When the pandemic made its way to Missoula in March and new restrictions were handed down by state and local officials, Missoula Community Theater was forced to cancel a number of musical productions.
At the same time, MCT Inc., called more than five dozen tour directors with the Missoula Children’s Theater off the road.
Terri Elander, international and public relations director at MCT Inc., said none of the decisions came easy.
“As spring was coming into focus, it became evident that we needed to pull our tour directors off the road and cancel the rest of the winter-spring tour,” Elander said. “It was a major decision. We brought 66 people back to Missoula and furloughed them because we had no more tours.”
MCT encouraged those employees to file for unemployment benefits. Canceling the children’s theater season represented a loss to the company of more than $1.5 million.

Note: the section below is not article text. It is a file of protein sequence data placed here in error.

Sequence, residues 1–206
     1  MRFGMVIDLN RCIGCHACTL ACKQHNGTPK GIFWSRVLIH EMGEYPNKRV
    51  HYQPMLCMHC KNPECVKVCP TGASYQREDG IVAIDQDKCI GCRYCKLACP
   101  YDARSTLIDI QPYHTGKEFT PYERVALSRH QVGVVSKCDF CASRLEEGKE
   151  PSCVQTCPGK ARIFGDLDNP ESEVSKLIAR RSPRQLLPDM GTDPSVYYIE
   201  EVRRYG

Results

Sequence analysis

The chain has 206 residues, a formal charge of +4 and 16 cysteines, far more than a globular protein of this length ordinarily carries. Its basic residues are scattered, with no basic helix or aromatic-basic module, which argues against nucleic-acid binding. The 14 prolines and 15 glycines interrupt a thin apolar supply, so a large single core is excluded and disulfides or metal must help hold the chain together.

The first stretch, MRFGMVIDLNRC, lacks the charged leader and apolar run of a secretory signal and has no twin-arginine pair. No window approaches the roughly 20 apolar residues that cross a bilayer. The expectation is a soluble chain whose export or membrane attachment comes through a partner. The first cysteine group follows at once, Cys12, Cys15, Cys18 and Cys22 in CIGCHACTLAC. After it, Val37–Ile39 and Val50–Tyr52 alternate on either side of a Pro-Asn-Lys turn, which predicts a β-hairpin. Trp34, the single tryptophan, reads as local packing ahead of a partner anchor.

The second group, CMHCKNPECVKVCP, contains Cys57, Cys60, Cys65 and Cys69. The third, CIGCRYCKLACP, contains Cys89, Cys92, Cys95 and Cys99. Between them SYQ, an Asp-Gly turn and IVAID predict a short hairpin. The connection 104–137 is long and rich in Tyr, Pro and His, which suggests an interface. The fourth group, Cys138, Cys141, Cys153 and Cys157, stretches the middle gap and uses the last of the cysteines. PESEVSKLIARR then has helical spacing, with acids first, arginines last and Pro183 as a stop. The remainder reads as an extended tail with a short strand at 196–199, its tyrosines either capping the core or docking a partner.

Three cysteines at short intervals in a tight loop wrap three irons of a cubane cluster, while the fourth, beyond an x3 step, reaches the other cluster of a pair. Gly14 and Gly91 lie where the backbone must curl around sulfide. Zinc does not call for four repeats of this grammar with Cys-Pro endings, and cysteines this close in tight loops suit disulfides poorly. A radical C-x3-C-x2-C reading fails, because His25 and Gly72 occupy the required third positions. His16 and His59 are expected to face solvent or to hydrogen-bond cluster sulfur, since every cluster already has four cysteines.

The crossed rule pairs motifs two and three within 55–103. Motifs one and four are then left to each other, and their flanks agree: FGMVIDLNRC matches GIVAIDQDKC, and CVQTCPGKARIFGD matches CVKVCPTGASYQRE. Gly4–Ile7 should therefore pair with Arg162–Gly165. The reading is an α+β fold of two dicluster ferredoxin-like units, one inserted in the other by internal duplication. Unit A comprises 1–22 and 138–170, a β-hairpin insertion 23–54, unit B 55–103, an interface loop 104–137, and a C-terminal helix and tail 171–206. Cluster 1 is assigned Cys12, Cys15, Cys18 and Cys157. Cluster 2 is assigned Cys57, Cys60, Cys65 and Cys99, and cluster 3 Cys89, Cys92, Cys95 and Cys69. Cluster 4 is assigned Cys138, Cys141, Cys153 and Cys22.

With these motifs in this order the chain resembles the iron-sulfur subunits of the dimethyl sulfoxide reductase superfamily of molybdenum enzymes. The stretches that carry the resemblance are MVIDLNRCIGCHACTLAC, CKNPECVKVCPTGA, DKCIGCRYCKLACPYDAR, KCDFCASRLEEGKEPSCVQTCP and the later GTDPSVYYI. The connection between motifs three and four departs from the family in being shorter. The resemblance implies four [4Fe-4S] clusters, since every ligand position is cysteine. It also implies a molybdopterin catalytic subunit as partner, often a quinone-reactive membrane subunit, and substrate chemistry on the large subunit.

At the same time, Missoula Community Theater was gearing up for its final weekend of the musical Spitfire Grill, which it canceled. It also canceled the three-week run of Matilda, which was set to follow.
“Those losses there are certainly $2 million or more in income,” said Elander. “We have no programming on stage or any live programming going on right now.”
As the impacts of the COVID-19 pandemic become clearer than they were a month ago, state economists believe certain industries will take deeper hit, including the arts. And the arts are vital to Missoula’s economy, bringing in tens of millions of dollars each year while supporting hundreds of local jobs.
With no shows on tap, MCT Inc. remains closed, less a few employees. But it’s already looking to the future with cautious optimism.
“We’re in the stages of planning,” said Elander. “There’s a lot of work we’re doing now to plan for our summer programs with hopes that we can continue those, be it our tour program or our local day camps and performing arts camps.”
The setback, while temporary, has brought the importance of the arts back into focus, Elander added.
“The arts are generally the first to be cut from budgets, whether it’s government funding or other types of funding,” said Elander. “But everything we’re doing to provide entertainment and comfort for our souls and entertainment for our days is arts. It’s very important and I hope people continue to remember and appreciate that.”